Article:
Breathe in, breathe out. I'm glad I can rant here because I was thinking about what I would say here while patiently smiling at these people and answering their very nosy questions.

Tomorrow we are going to a beautiful park to soak in the sun and run and play with friends while the kids in traditional schools get the "essential experience" of sitting quietly in a desk with all the window shades drawn so the sunshine doesn't distract them. And the only person I will report that to is me (and maybe you guys).

Monday, May 4, 2009

Mondays are kind of lazy days for us; we generally have busy weekends so Monday has become our day of rest and relaxation. The kids haven't been super busy lately which is okay with me. The hours required by the state will be finished in a few weeks and we won't start counting for next year until July 1 so taking it easy doesn't stress me out too much right now. I am also learning to trust these natural lulls in our routine; we just need time to recharge once in a while.

That being said, I still sometimes worry if we are doing enough (I know, I know, I should take my own advice and be present; there is a diffence though in being present and being stagnant but I digress). I never worry about language arts skills because in our house those come pretty naturally. We read, we discuss new words, we write letters, use the phone book to look up addresses as well as phone numbers, and all sorts of other things that have to do with print and verbal communication. I also don't worry a lot about social sciences because we pay attention to and discuss world politics, visit historic sites, practice and discuss civic responsibilties, etc. Math is used almost daily for measuring, calculating, converting recipes, scheduling activities, and more. Science is a different story though. I'm not naturally drawn to it so I worry that we aren't accomplishing enough. I feel like both kids are missing something here for different reasons. Jace has a very scientifically inquisitive mind and I think he could accomplish a lot but I don't know how to entice him and make it more interesting than simply checking books out at the library. Kya, like me, isn't naturally drawn to science so she doesn't pay much attention to it. I do NOT want to go back to paper and pencil type activities but I am going to be working toward incorporating science into our daily lives in more prominent ways. I recently bought two different books about teaching scientific principles through cooking so that is a start. I'm also thinking that a telescope may be on the horizons for us.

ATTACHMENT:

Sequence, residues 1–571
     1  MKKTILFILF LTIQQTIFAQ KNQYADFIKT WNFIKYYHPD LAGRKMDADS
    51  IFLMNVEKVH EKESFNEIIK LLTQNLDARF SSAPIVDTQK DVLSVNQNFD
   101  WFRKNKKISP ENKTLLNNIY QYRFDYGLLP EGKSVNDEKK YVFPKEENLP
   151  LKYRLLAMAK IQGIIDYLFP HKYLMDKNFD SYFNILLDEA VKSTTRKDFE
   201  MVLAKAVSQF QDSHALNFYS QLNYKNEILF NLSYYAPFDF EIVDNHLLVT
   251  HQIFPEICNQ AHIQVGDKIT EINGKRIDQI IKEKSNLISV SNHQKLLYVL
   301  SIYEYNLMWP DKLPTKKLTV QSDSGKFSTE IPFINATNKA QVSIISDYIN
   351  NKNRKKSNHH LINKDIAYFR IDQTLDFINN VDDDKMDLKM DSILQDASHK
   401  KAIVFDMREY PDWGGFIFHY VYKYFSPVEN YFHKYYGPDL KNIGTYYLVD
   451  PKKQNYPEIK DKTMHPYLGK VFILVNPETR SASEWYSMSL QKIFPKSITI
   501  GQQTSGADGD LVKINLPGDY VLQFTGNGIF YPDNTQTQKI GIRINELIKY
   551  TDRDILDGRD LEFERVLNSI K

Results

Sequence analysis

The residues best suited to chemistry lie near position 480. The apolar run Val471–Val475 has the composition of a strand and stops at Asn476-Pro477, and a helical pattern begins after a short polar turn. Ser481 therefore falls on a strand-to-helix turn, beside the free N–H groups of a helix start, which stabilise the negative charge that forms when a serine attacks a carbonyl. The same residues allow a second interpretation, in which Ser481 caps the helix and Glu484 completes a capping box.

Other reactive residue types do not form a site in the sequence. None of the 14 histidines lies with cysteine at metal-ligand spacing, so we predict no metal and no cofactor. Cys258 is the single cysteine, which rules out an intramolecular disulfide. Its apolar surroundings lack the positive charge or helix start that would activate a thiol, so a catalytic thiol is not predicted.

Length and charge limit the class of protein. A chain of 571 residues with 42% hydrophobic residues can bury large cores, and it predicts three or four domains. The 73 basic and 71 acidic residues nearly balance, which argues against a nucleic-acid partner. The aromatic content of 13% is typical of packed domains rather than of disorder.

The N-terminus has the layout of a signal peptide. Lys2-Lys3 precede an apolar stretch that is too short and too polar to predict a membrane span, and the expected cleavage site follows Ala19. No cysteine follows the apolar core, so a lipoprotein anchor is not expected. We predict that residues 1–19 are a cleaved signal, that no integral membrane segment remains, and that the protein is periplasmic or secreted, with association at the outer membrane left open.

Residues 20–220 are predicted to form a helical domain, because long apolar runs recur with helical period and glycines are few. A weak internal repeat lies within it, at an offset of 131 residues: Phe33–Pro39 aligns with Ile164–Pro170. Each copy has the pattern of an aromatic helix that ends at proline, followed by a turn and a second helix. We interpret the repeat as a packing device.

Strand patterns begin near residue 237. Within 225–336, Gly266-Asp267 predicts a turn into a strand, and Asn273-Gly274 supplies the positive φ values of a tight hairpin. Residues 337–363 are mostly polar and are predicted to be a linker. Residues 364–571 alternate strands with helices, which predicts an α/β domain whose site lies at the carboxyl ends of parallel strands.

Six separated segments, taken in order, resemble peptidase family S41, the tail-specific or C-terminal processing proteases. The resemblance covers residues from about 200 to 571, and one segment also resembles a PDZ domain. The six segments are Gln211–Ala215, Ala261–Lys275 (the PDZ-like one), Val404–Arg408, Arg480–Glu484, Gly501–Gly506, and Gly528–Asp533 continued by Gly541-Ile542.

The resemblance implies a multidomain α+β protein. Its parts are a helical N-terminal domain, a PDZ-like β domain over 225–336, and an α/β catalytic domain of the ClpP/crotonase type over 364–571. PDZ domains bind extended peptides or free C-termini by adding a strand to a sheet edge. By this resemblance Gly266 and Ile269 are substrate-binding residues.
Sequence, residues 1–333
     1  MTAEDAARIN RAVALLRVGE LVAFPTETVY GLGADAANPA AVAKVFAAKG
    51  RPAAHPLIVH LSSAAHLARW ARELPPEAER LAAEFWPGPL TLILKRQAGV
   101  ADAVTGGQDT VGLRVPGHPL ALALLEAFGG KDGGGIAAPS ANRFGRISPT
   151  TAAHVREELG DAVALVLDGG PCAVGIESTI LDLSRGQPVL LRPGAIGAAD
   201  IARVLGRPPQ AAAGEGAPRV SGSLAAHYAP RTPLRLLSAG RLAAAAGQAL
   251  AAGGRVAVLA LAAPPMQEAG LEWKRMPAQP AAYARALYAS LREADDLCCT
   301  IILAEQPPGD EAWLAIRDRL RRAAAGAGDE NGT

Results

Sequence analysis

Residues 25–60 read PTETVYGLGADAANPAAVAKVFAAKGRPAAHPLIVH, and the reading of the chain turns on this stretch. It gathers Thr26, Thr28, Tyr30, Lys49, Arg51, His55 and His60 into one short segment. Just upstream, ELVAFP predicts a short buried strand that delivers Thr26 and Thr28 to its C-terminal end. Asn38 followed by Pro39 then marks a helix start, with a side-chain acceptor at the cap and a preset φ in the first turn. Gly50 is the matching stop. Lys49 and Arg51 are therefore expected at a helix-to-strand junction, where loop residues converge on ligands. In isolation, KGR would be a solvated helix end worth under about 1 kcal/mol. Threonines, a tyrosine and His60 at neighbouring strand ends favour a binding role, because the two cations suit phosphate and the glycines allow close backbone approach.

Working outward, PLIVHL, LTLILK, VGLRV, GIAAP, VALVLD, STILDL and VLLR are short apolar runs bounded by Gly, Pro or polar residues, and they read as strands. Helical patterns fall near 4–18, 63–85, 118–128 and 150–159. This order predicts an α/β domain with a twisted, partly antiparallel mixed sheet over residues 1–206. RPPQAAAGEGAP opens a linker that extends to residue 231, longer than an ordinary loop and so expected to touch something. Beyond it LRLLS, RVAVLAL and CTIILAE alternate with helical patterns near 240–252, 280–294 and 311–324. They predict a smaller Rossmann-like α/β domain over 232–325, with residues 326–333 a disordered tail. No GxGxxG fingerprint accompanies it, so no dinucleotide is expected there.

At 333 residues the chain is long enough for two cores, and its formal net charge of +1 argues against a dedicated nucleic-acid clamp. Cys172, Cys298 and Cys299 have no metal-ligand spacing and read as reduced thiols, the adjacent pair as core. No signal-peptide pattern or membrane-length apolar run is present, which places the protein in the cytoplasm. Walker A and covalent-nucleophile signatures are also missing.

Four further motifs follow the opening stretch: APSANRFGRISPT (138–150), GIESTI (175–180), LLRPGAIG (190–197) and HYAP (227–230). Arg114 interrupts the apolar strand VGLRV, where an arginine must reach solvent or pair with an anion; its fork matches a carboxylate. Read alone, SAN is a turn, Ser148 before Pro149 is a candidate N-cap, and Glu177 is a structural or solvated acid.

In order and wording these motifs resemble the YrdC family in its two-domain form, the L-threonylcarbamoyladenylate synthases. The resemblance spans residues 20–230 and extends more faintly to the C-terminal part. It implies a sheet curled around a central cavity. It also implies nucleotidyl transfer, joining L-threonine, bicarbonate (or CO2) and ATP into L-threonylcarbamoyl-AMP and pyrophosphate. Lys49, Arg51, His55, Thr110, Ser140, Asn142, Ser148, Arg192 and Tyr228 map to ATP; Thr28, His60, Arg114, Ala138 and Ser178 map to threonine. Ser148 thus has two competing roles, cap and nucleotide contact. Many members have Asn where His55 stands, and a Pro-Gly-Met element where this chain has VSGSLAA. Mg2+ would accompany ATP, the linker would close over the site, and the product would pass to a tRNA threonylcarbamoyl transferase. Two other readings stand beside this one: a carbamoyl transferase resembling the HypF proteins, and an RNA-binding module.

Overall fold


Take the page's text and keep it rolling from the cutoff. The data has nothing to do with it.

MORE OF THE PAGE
Sunday, May 3, 2009

sunnydaytodaymama: On Children (Inspirational Monday)

A great post from a blogger who luckily found me... because then I found her right back. :)

sunnydaytodaymama: On Children (Inspirational Monday)

Saturday, May 2, 2009

I really feel like I am starting to truly "get" unschooling. My latest realization came to me when I was doing my record keeping logs (required by the state) and I decided I was going to start counting an hour per week for vocabulary despite the fact that we never sit down and have a formal vocabulary "lesson".

Any time my kids don't know a word (whether it is heard in conversation, on tv, or in a book) they ask, we discuss it, and we move on. I thought about turning each question into a lesson about using the dictionary, using the word in context, asking them to use the word after I've explained, etc. But I (thankfully) realized that all this would really do was discourage them from asking questions. If they are interested enough to ask then they will probably remember without the extra song and dance.

I have noticed them using many of these new words in conversation after these discussions, a few we never hear again. I think vocabulary lessons in school have the same results, some things you remember and some you don't. However, I do think my kids are remembering and using a lot more of their new "vocabulary words" because, as I said before, they were interested enough to ask but also because they see a context within which knowing the word is useful in the world, not just on a list of words to memorize.

I love this wonderfully revealing path we have chosen! :-)

Friday, May 1, 2009

Expanding on that last post- if I am not parenting in the future I certainly shouldn't be parenting in the past. I need to let go of the guilt I have about my days when I prescribed more authoritarian parenting strategies and the time spent in public school that was especially damaging to Jace. I can't undo those things and, again, I have to parent the child in front of me. My new mantra- Be Present.